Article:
We seek after relationships with others, we seek their company, friendship, acceptance and love.

You're More Than A Number - You Are Relational

The explosion of social media in recent years highlights the fact that we want to tell others about ourselves, and probably highlights our voyeuristic tendency to want to see what others are up to as well. But, it seems that we want to be in relationship with others, and seek that relationship in a variety of places. Whether it is face-to-face or online there is a yearning and desire for relationship in our lives. Some find these fulfilling relationships in positive places, others fall into the arms of harm and pain, suffering as they seek to find the relationship they desire.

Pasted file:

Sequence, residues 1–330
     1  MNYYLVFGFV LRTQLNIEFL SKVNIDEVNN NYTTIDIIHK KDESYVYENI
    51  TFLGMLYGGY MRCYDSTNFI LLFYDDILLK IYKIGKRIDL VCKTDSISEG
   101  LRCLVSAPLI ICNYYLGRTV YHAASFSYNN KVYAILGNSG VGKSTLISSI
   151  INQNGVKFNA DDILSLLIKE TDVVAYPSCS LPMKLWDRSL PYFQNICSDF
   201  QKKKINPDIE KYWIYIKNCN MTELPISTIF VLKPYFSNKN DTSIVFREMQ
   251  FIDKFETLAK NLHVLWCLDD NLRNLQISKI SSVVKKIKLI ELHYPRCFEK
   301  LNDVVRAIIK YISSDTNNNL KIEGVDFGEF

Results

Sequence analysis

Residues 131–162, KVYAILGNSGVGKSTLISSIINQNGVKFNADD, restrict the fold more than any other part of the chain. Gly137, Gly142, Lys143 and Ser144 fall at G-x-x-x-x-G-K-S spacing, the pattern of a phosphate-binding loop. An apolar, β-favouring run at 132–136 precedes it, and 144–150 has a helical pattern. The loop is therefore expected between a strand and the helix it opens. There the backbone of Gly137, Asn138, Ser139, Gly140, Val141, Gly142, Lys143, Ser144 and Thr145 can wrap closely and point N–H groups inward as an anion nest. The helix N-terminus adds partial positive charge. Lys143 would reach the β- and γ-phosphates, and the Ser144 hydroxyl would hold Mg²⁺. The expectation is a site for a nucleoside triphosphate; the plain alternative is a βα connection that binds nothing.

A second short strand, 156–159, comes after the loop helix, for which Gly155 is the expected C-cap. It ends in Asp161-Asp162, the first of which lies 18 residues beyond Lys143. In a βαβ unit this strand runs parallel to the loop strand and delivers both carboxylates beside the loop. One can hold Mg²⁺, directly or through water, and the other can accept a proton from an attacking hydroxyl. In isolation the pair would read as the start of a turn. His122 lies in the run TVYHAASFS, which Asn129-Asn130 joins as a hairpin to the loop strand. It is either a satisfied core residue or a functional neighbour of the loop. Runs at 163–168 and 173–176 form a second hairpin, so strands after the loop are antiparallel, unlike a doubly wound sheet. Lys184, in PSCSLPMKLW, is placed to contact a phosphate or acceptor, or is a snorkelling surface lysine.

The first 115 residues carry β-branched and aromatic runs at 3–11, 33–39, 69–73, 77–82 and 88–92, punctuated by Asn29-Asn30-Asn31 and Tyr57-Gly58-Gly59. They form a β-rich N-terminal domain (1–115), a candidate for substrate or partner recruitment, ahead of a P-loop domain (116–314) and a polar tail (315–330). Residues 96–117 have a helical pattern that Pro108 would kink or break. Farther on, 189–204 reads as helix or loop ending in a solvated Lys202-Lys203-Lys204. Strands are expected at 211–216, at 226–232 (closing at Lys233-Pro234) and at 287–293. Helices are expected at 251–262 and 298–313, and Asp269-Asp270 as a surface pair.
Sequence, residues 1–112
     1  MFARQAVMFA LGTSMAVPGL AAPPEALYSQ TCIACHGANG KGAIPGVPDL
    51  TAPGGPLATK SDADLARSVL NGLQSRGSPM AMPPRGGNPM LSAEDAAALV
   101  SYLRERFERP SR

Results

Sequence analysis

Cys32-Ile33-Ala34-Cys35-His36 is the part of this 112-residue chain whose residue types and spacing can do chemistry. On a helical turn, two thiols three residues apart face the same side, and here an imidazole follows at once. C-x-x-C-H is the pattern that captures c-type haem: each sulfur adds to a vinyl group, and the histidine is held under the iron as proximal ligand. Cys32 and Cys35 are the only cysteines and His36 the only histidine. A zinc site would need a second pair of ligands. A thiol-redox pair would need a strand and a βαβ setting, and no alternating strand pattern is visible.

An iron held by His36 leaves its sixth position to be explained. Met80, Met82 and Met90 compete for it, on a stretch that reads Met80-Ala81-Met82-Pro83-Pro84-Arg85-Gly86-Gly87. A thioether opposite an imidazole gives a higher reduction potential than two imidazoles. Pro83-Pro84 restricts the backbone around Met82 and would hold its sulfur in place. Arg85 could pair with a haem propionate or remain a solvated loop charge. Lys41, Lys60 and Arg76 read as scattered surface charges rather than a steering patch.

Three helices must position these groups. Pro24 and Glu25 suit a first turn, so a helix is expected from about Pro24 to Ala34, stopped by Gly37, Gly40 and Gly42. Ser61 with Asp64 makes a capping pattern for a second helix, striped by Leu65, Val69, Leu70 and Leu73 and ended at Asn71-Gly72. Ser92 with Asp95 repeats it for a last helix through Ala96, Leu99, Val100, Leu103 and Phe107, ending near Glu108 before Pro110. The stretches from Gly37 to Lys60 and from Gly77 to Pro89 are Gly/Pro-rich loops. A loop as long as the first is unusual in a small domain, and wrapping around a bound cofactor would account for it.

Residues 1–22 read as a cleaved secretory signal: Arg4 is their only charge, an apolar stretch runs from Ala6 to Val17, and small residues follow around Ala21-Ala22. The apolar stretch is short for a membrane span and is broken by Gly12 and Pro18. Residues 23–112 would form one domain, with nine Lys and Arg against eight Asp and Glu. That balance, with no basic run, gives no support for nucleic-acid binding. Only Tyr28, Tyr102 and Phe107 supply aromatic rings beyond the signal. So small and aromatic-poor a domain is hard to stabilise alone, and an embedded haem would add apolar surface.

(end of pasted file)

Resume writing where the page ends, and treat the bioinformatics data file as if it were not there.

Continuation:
This creation narrative in the opening chapter of the bible (Genesis 1:26-28) reminds us we are not accidents and that we are made for one-another. Not all relationships need to be physical or sexual, but they do need to be person to person, seeking to love one-another because that is what we are created to so. This kind of relationship is not simply between one person to another either. It is relationship with groups of people, with a community.

Thankfully, God in his infinite wisdom provides a community for believers that is to meet aspects of this relational need.

God has designed a community in the form of his people, the Church.

When we think of church we may not have great things to say about it. We may think of it as only a meeting place for singing songs, praying prayers, and hearing someone speak to us. Church is meant to be much more than a place to gather for 90 minutes on a Sunday. The church is to be a place where we find God-fashioned community.